Are We Prepared to Protect America’s Skies From Domestic Drone Threats?

Interview with Rob Thompson Co-Founder CUAS Coalition

IDGA Editor

Over the past few years, it’s become clear that recreational drones pose a significant risk to national se-curity and public safety. In your opinion, are law enforcement and national security agencies currently equipped to confront malicious and/or reckless drone use? Why or why not?

At this point in time, they probably lack the equipment but not the actual knowledge. Right now, they’re pretty good on detection and being able to find people and track them down. However, Jammers probably make up 70% of the industry and I just don't believe that jammers are the best solutions.

Instead, you can use protocol mixing and RC manipulation to be able to pinpoint exactly the drone that you need, and turn it on or off, or send it home, or make it under your control. A jammer is just blasting, much like a fire hose putting out a birthday candle everything that's down range or what you're pointing at. If you’re operating at 2.4 megahertz, you can open garage doors as far as a mile away. It knocks out people's wifi. It just creates lots of problems in the civil world and also in military world as well.
Which is why they’ve been outlawed by the FCC. The FCC's mission is to keep the channel clean with no in-terference and a jammer creates interference. The FCC, they'll never move on this issue so jammers really aren't a viable solution.

What are some of the major legal barriers law enforcement and national security agencies face when it comes to effectively leveraging C-UAS technology?

The intelligence communities can use this stuff right now. That law changed in the NDAA 2017 but as far as law enforcement goes, there's 23 different criminal codes out there that prevent them from leveraging C-UAS. They'd be actually breaking the law to mitigate any drones.

For instance, there's a communications act that says if you intercept an electronic transmission, then it's con-sidered wire fraud. So if law enforcement were to take over a drone, it could be considered “wire fraud” le-gally speaking.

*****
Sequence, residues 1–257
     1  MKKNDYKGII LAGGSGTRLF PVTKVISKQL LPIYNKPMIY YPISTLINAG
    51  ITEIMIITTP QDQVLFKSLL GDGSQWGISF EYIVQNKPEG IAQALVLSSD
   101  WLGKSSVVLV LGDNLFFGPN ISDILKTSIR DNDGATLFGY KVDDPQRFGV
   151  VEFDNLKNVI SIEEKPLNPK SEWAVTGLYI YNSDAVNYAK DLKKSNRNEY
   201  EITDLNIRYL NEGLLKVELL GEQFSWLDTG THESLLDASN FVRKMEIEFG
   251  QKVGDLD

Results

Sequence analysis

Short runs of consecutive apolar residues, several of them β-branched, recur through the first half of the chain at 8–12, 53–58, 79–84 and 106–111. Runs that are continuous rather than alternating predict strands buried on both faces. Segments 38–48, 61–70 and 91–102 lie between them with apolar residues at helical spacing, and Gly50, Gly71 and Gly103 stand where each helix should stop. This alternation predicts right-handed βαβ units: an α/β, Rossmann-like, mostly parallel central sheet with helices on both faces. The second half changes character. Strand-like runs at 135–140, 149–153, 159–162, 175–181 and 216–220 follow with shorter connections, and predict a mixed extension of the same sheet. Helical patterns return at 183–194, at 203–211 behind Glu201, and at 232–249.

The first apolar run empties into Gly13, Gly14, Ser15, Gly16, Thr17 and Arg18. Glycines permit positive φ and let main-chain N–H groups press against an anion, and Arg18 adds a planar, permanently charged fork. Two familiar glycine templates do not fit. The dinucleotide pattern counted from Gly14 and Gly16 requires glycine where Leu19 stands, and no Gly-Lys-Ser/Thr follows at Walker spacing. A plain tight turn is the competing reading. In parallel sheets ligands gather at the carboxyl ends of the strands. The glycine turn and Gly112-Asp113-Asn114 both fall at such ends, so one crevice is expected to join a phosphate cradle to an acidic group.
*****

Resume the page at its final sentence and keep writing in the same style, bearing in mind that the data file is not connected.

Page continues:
How do you see the legal aspects related to the use of anti-UAV systems changing in response to the increased threat of drones?

I do see it changing, but rather slowly. Now, I'm a policy person. Usually when we change a law we're just changing or effecting one law, and then we'll have a committee meeting, and then a hearing and so forth. When you're trying to change 23 laws, as you can imagine, it’s substantially more complex. With C-UAS, you’re dealing with 4 different departments, starting with the department of justice then the FAA, FCC and DHS. All would be involved in taking a drone down.

Plus, lawmakers are just a little leery at changing so many laws at once but they're starting to come around and realizing that drone crime is becoming a big problem and there's nothing to protect civil asset owners. They know that something needs to be done.

What are some of examples of emerging counter-UAS tech that you find especially promising?

Some of the devices that I was talking about before, such as electronic protocol mixing, could have some potential. Electronic protocol mixing identifies almost like a Mac address on the drone which you can use to pinpoint its location and know exactly which vehicle you're going to effect. And then, with a press of a but-ton, it will eliminate that threat. You could make the drone fly home to where it took off, you can take it under your control, or you can tell it to just go away.

There're also drones that can fly up and intercept the drone with a net. I don't know how successful those are; that’s another technology that still needs to be developed more.



Rob Thompson is the co-founder of Falcon Foundation, a 3rd generation com-mercial multi engine pilot, Part 107 holder who also holds a Master of Science from James Madison University for his work in aviation system designs and tech-nical & scientific writing. Falcon Foundation provides leading advocacy efforts in the unmanned aircraft systems industry, managing government relations, committees of association, executing legislative and regulatory strategies and creating law through the corresponding legislative committees. By working in-dependently on advocacy issues, educating the clients on public policy issues quickly, and by engaging team members to facilitate successful results. Client policy issues will include aviation regulation, unmanned aircraft systems, Part 107 waivers, the regulatory process, and industry safety concerns. Client groups include aviation professionals, unmanned aircraft systems, and operators, both commercial and hobbyists, and non-aviation business sectors, including small business service and manufacturing sectors.
Rob’s a regular contributor to sUAS News, the leading news and information source for unmanned aviation. You can read his recent articles here: